Taking a Pass on Routing
Last class, we talked about many of the details associated with the IP protocol and how packets find their way across a network. We talked about the role of routers. We talked about the routing table, the table held by each router that describes the global state of the network. And, we talked about the forwarding table, the table derived from the routing table, also present on each router, that contains the simple mapping from destination network to port number. And, we said that the routers talk to each other in order to collect routing information and then build their own forwarding tables.
But, we did not talk about the details of this router-router conversation. We're going to leave that for 15-441 (Networks) or a later discussion about managing distributed state with lossy communication that is not atomic. It is better approached as a distributed systems problem, once we've gotten some depth, than a shallowly understood network protocol.
Network Layers, A Reference Model
As we work our way up from network hardware to the application programmer, we are beginning to see the overal organization of a network. This architecture is sometimes described using the following model:
Application Layer: The details of the messages and structures used by a particular application Transport Layer: Establishment of endpoints and other services commonly used by programmers Network Layer: Movement of packets from network to network across an intern-network Link Layer: Management of stations sharing the same channel Physical layer: Voltages, connector shapes, power levels, light colors, &c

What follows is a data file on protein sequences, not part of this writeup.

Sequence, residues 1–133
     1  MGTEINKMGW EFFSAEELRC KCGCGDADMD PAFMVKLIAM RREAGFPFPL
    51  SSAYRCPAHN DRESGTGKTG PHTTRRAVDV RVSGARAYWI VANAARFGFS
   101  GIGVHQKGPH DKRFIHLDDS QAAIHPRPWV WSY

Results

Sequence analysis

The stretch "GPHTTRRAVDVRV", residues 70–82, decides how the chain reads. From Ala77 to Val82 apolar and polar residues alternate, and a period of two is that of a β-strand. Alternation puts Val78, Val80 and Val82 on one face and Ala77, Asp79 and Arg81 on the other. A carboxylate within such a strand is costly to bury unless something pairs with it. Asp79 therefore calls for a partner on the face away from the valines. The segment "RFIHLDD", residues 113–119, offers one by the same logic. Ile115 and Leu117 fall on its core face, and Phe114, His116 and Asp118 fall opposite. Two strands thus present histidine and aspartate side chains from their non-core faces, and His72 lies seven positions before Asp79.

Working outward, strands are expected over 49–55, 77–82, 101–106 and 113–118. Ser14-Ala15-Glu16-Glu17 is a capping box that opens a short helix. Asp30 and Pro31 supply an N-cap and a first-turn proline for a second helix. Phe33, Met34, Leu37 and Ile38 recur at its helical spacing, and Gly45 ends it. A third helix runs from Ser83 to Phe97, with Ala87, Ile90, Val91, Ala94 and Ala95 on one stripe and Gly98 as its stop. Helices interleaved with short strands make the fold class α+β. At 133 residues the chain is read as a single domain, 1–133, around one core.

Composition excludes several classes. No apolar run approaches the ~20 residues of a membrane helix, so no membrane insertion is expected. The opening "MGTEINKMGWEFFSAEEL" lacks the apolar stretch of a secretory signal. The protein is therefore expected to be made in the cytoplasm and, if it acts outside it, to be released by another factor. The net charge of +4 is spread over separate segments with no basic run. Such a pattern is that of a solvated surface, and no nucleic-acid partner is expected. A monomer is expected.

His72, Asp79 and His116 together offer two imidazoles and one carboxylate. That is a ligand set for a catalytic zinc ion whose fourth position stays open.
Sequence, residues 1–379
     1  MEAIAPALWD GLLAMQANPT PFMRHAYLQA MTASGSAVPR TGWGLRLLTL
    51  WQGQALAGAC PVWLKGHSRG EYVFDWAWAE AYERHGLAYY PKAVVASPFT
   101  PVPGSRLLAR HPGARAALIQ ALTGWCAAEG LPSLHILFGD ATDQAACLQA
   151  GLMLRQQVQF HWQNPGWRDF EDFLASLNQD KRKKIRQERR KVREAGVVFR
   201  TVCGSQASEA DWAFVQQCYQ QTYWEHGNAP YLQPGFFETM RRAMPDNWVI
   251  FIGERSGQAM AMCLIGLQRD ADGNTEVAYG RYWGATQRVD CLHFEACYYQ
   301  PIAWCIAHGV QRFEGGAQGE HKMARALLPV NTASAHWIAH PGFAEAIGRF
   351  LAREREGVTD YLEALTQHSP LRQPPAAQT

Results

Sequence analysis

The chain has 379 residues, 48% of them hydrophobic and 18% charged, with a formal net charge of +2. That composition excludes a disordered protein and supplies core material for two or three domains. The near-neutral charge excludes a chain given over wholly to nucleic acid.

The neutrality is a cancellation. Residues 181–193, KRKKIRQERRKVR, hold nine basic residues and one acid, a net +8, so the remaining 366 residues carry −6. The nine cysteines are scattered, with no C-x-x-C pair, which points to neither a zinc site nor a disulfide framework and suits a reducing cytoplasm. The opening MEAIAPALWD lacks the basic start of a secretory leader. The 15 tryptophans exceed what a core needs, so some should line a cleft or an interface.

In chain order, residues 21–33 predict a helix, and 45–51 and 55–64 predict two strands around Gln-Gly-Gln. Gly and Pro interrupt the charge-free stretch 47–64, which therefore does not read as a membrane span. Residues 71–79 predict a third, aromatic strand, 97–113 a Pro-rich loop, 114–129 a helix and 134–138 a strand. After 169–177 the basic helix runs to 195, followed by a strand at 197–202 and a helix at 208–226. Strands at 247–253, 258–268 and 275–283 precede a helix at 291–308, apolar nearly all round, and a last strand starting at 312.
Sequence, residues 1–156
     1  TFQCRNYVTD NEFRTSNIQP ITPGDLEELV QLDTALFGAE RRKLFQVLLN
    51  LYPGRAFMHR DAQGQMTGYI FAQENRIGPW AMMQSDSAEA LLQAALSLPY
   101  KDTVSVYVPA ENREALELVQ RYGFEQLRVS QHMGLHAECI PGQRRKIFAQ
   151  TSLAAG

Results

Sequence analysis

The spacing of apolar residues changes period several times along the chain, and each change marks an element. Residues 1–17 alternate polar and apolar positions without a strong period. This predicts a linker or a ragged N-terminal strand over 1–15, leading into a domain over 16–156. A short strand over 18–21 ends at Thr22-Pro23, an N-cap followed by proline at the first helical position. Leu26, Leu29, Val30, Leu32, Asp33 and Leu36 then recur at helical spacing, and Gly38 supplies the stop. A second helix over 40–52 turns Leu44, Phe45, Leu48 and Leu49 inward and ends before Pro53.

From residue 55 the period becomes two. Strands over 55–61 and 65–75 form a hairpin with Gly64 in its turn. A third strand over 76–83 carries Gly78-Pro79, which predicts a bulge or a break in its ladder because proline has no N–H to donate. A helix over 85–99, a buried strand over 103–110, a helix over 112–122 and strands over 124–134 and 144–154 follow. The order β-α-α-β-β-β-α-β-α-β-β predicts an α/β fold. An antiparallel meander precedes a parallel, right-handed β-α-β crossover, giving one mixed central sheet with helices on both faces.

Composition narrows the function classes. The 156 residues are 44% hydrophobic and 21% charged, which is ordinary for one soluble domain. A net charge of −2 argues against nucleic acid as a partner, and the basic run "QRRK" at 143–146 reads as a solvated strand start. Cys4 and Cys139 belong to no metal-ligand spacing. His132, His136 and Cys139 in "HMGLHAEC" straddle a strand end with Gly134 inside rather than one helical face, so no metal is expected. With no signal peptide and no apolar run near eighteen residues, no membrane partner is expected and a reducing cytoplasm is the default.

Thus far, we've worked our way up, talking a little about the physical layer, which is really the domain of various engineering disciplines, and a lot about the link and network layers. Today, we are going to begin our discussion of the transport layer.
The Transport Layer
The transport layer establishes an end-to-end abstraction that is useful to the programmer. Part of that is that it needs to hide the hop-by-hop nature of the network layer's routing process. And, part of that is that it needs to establish program-to-program communication, since multiple programs might be running on the same host -- and the network layer just goes hop-to-hop.